The term at-risk youth is used frequently, but what does it mean exactly? Those in the mental health field tend to use the phrase freely but it’s worth explaining more clearly what the term means.
In general, at-risk youth are those children who have had distressing childhoods and by virtue of their circumstances are more at risk to fail academically, occupationally, and socially. They likely had a poor or little attachment to a primary caregiver, tend to be vulnerable to harm against self and others, drug use, early sexual activity, suicide attempts, and mental illness. They might have experienced child abuse in one form or another. Due to these difficulties, they might develop a mental illness. Types of mental illnesses prevalent among at risk youth are Conduct Disorder, Oppositional Defiant Disorder, and Attention-Deficit/Hyperactivity Disorder (ADHD).
At risk youth tend to develop addiction to either drugs or alcohol, mostly because, according to one study, they tend to put themselves in dangerous situations. The Center for BrainHealth at the University of Texas explored the differences in brain regions that are associated with risk taking in teens. The research found that connections between certain brain regions are amplified in teens who are more prone to dangerous behavior. The Center for BrainHealth investigated the behavior of 36 adolescents between the ages of 12-17. Participants were screened for risk taking behaviors such as drug and alcohol use, sexual promiscuity, and physical violence. Each teen underwent MRI testing in order for researchers to examine the communication between brain regions. The study revealed that risk taking teens exhibit hyperconnectivity between the amydgala, the part of the brain responsible for emotional reactivity, and the prefrontal cortex, associated with emotional regulation and critical thinking skills.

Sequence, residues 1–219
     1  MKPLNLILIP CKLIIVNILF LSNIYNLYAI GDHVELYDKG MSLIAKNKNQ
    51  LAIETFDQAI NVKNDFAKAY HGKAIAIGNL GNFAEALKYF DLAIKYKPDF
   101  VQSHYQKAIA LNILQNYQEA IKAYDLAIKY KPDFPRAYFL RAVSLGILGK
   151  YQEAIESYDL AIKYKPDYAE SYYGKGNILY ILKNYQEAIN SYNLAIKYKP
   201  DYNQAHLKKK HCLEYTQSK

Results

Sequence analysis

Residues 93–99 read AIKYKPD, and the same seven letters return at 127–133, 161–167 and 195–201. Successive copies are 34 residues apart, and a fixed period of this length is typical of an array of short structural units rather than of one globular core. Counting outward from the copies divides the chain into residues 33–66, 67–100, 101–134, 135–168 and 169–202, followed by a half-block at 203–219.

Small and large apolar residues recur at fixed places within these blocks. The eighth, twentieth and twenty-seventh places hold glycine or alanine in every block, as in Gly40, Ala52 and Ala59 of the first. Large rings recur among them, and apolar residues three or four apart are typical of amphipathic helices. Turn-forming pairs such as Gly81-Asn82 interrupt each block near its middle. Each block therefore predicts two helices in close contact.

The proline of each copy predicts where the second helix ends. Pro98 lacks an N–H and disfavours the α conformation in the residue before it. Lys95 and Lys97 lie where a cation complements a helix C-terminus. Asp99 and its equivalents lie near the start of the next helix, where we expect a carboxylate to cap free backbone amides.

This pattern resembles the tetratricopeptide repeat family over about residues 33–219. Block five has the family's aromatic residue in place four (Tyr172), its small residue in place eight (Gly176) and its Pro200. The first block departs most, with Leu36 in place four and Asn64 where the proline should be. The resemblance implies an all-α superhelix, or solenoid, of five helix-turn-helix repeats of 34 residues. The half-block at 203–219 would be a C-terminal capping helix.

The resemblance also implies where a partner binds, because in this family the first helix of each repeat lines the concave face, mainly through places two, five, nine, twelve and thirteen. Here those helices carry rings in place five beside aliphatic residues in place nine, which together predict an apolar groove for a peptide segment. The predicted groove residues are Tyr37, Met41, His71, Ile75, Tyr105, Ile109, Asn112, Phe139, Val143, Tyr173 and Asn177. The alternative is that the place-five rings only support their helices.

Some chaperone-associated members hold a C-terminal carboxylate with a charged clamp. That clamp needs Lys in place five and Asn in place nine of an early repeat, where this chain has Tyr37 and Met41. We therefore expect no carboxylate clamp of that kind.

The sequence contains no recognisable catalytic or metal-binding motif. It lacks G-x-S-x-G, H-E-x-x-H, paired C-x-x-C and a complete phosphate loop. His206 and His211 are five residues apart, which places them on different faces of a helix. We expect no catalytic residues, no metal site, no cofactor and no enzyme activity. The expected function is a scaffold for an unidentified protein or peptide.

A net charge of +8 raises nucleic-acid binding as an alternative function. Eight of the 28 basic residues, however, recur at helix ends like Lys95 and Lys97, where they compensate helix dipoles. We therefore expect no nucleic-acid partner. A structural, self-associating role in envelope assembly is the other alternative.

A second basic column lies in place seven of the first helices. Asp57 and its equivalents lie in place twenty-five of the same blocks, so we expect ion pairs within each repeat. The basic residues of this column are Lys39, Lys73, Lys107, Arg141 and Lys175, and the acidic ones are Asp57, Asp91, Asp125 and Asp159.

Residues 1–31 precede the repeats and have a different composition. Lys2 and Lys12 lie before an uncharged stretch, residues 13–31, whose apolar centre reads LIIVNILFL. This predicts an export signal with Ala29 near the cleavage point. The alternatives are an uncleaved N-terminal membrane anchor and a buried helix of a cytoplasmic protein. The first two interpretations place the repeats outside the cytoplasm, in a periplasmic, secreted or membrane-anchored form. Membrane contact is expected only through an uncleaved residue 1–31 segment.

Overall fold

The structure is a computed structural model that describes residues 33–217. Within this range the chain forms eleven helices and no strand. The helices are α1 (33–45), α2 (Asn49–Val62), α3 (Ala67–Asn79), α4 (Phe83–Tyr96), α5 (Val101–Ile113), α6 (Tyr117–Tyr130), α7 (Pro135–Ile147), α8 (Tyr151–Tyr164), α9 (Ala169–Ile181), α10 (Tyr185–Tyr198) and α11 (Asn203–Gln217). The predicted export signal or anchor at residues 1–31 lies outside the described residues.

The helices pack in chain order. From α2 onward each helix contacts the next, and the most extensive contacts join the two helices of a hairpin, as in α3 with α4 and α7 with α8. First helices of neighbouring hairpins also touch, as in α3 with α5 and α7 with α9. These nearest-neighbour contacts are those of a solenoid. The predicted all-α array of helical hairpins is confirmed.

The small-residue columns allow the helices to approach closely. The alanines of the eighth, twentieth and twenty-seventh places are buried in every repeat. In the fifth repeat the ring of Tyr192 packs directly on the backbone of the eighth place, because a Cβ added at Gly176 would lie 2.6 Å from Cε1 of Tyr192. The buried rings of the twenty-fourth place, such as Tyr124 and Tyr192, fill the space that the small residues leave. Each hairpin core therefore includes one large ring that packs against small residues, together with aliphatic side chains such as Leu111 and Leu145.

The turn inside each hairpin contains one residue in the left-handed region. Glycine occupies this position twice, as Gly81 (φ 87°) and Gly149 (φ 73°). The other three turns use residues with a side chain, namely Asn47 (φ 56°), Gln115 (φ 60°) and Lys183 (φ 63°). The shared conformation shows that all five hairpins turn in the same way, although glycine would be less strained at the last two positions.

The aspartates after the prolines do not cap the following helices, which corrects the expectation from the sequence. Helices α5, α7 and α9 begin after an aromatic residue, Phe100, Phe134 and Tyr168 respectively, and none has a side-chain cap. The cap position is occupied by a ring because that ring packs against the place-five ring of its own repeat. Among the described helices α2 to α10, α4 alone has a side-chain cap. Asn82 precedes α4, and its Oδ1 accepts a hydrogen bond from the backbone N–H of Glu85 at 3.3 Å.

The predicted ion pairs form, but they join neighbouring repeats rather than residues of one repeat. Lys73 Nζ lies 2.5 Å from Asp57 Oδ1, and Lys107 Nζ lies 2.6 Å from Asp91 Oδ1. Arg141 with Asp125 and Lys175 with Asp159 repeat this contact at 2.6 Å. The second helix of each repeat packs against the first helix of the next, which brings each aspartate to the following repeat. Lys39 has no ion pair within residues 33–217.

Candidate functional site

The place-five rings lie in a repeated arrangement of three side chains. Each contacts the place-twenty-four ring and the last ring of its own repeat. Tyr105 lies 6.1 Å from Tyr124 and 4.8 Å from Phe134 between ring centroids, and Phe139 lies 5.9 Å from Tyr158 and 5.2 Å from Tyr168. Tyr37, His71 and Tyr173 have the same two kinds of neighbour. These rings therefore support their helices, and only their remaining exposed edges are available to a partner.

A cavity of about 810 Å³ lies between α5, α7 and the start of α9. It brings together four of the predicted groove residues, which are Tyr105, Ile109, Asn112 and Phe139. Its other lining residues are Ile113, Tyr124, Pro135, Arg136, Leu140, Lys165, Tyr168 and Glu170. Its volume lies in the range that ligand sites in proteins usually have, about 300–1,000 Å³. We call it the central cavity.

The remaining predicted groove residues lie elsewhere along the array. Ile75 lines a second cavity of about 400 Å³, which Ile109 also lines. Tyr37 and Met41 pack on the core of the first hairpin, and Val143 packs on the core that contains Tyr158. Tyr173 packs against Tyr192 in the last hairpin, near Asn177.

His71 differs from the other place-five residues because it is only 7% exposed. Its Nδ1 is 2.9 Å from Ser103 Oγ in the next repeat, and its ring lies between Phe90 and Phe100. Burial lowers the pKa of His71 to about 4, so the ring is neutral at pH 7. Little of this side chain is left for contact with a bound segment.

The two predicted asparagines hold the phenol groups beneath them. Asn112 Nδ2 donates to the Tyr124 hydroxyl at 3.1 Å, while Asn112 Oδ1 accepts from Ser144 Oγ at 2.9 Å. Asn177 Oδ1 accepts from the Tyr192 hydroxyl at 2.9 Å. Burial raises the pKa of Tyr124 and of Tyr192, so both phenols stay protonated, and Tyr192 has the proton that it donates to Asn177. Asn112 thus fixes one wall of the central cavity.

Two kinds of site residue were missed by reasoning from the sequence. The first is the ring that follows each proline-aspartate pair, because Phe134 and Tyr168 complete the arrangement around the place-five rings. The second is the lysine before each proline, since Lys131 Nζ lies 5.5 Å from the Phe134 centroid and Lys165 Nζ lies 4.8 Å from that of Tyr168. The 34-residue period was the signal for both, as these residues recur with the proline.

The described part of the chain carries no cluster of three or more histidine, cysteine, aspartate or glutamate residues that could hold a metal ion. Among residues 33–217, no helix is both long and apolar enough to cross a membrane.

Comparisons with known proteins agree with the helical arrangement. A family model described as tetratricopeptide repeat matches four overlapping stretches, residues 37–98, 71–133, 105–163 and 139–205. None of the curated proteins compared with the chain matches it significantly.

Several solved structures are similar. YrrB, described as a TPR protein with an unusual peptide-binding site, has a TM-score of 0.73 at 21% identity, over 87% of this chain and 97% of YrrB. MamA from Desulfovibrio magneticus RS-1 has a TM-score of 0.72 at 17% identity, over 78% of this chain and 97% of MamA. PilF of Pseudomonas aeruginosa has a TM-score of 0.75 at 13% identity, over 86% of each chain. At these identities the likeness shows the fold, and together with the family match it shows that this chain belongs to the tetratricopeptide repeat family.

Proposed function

Perhaps it doesn’t come as a surprise to know that when a child has suffered trauma, abuse, or other life-threatening experiences in their family of origin, he or she is more vulnerable to developing a mental illness, including addiction. Other studies related to drug addiction treatment show that those who were abused as children tend to perceive the use of alcohol or drugs as a positive experience. Furthermore, they were not able to identify the risks associated with substance use. Also, in the year 2000, there were over 2.7 million children who were reported as being abused, and of these cases, 879,000 confirmed the presence of some form of abuse. Considering the connection between child abuse, mental illness, and substance abuse addictions, these statistics point to a large number of children and adolescents vulnerable to addiction.
Furthermore, the Child Welfare League of America (2001) recently found that substance abuse is present in 40-80 percent of families in which children are abuse victims. These statistics and past research have clearly made the connection between abuse of children and the presence of addiction in adolescence and later life. Families in which there is substance abuse are more likely to experience abuse or are at a higher risk of abuse. Families that have members who abuse either drugs or alcohol are more likely to also have a history of either physical or sexual abuse. Members of those families are more likely to find themselves in substance abuse treatment.
It’s common for drugs and alcohol to serve as a coping mechanism for those who have experienced trauma, including child abuse. It has been found that children and teens tend to be more vulnerable to the effects of trauma than adults whose brains have fully developed. The underdeveloped brain in children is not mature enough to integrate the traumatic experience and process it in a way that facilitates moving on from it. This is a primary reason that puts children and teens at risk for addiction to drugs or alcohol, and mental illness later in life.
The implications of studies that explore the relationships between youth, mental illness, and addiction can lead to developing better intervention and treatment methods to help risk-taking adolescents. Although the correlation between early trauma and mental illness, including addiction, is not surprising, perhaps it might lead to the better understanding of patterns among families and individuals. A wider breadth of knowledge leads to enhanced treatment methods, meaningful public education, and the prevention of harm in our communities.